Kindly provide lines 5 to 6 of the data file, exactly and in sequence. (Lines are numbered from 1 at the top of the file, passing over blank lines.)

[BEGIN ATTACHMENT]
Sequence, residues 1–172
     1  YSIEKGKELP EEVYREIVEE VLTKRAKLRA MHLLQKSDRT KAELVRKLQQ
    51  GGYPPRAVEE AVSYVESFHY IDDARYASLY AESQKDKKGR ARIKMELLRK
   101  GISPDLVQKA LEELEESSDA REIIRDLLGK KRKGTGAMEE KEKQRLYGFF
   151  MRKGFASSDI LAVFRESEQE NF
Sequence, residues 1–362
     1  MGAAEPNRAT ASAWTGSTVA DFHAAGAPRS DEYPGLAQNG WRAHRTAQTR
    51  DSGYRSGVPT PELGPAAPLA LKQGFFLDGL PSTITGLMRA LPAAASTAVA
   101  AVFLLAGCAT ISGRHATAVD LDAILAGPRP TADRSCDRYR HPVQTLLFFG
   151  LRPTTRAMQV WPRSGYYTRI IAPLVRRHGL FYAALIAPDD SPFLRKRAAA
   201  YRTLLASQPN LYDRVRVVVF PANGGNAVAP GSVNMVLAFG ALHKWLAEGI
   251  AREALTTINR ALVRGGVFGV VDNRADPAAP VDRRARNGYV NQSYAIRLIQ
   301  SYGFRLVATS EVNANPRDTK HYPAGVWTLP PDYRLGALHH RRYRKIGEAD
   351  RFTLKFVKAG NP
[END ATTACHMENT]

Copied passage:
   151  MRKGFASSDI LAVFRESEQE NF
Sequence, residues 1–362